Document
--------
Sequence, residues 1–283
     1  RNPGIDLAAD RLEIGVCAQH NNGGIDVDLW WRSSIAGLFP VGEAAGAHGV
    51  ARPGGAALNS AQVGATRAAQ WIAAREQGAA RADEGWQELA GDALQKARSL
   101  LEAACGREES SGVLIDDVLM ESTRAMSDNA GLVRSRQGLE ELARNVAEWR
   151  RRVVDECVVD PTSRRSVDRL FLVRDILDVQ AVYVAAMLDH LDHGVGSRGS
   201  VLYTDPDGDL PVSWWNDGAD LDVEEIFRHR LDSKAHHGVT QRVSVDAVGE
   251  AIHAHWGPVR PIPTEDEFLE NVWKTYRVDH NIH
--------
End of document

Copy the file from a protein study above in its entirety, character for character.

Sequence, residues 1–283
     1  RNPGIDLAAD RLEIGVCAQH NNGGIDVDLW WRSSIAGLFP VGEAAGAHGV
    51  ARPGGAALNS AQVGATRAAQ WIAAREQGAA RADEGWQELA GDALQKARSL
   101  LEAACGREES SGVLIDDVLM ESTRAMSDNA GLVRSRQGLE ELARNVAEWR
   151  RRVVDECVVD PTSRRSVDRL FLVRDILDVQ AVYVAAMLDH LDHGVGSRGS
   201  VLYTDPDGDL PVSWWNDGAD LDVEEIFRHR LDSKAHHGVT QRVSVDAVGE
   251  AIHAHWGPVR PIPTEDEFLE NVWKTYRVDH NIH